Protesters in Egypt during the 2011 Arab Spring demonstrations. (Alisdare Hickson / CC 2.0)

A June 12 report published by The Guardian exposes what many Americans have long feared: United States military strategists are setting their sights on social movements. The report, written by Nafeez Ahmed, explains how a program under the Department of Defense, the Minerva Initiative, has begun to utilize social science to develop better “operational tools.” Ahmed writes:

The multi-million dollar programme is designed to develop immediate and long-term “warfighter-relevant insights” for senior officials and decision makers in “the defense policy community,” and to inform policy implemented by “combatant commands.” …

Among the projects awarded for the period 2014-2017 is a Cornell University-led study managed by the US Air Force Office of Scientific Research which aims to develop an empirical model “of the dynamics of social movement mobilisation and contagions.” The project will determine “the critical mass (tipping point)” of social [contagions] by studying their “digital traces” in the cases of “the 2011 Egyptian revolution, the 2011 Russian Duma elections, the 2012 Nigerian fuel subsidy crisis and the 2013 Gazi park protests in Turkey.”

Twitter posts and conversations will be examined “to identify individuals mobilised in a social contagion and when they become mobilised.”

Another project awarded this year to the University of Washington “seeks to uncover the conditions under which political movements aimed at large-scale political and economic change originate,” along with their “characteristics and consequences.” The project, managed by the US Army Research Office, focuses on “large-scale movements involving more than 1,000 participants in enduring activity,” and will cover 58 countries in total.

According to its website, the Minerva Initiative, created by the secretary of Defense in 2008, seeks “to define and develop foundational knowledge about sources of present and future conflict with an eye toward better understanding of the political trajectories of key regions of the world.”

Ahmed attempted to contact the initiative’s developers, but received either “bland” responses or no responses at all.

One of the most startling aspects of the initiative is its conflation of peaceful activism with terrorism. “[S]upporters of political violence” are “different from terrorists only in that they do not embark on ‘armed militancy’ themselves,” Ahmed explains. And although university researchers were told that the initiative was a “basic research effort” with no real application, Ahmed cites an email that clearly shows “that DoD is looking to ‘feed results’ into ‘applications.’ ”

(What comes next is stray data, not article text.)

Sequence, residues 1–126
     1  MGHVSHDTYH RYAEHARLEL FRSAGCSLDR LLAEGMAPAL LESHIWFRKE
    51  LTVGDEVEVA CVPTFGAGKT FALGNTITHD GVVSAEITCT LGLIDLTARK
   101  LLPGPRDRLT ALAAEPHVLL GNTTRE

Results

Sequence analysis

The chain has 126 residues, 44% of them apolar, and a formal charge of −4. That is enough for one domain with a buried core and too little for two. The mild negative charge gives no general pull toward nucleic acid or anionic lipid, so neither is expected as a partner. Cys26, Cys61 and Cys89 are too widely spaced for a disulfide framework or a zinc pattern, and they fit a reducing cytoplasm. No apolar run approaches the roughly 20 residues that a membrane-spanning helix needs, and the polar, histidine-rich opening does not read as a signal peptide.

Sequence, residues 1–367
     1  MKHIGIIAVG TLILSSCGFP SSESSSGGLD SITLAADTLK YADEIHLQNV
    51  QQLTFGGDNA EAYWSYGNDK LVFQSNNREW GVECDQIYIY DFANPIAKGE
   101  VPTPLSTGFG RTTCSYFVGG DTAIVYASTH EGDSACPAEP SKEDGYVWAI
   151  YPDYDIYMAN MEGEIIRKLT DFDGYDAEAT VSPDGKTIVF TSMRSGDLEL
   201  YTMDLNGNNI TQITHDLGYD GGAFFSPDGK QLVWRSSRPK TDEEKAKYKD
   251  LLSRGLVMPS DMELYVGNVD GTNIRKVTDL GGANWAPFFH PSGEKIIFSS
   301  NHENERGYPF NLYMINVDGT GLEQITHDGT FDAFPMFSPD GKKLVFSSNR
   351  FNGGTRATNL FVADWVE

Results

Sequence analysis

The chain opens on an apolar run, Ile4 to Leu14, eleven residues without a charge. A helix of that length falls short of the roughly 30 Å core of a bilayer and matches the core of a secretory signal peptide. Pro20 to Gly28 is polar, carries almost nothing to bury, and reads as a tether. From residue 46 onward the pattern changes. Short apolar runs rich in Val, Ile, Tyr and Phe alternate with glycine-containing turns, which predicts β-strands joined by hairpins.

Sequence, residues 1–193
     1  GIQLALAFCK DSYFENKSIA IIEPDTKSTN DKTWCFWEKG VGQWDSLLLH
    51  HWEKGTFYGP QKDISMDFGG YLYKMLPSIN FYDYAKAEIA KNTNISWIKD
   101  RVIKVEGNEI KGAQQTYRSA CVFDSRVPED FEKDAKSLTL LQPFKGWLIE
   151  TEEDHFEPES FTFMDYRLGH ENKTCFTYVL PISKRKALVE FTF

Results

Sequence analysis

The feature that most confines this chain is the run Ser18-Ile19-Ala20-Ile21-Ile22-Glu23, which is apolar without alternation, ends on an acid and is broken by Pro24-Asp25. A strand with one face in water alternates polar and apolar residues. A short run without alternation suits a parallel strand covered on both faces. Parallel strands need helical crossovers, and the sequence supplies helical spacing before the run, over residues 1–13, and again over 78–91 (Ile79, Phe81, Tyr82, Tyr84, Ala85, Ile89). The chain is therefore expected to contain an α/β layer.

RT provides other examples of the Minerva Initiative’s university projects. The University of Washington received $2 million to study children involved in terrorist movements, resulting in a report titled “Understanding the Origin, Characteristics and Implications of Mass Political Movements.” Another project at the University of Denver seeks to understand “instability in middle-income countries” and “the Tunisias and the Libyas and the Ukraines.”

The Social Science Research Council notes potential problems of the project, writing that the initiative “prompts concerns about the appropriate relationship between university-based research programs and the state, especially when research might become a tool of not only governance but also military violence.”

According to its website, some of the areas of focus within the Minerva Initiative are “[s]ocial and political dimensions of beliefs;” “[g]roup-internal narratives and their role in driving strategic priorities;” “[a]nalyses of the topology, power structure, productivity, merging and splitting, and overall resilience of change-driven organizations;” and “[m]echanisms of (and factors inhibiting) mobilization at individual and group levels.”

“Minerva is a prime example of the deeply narrow-minded and self-defeating nature of military ideology,” Ahmed concludes. Read the entire article here.

—Posted by Emma Niles

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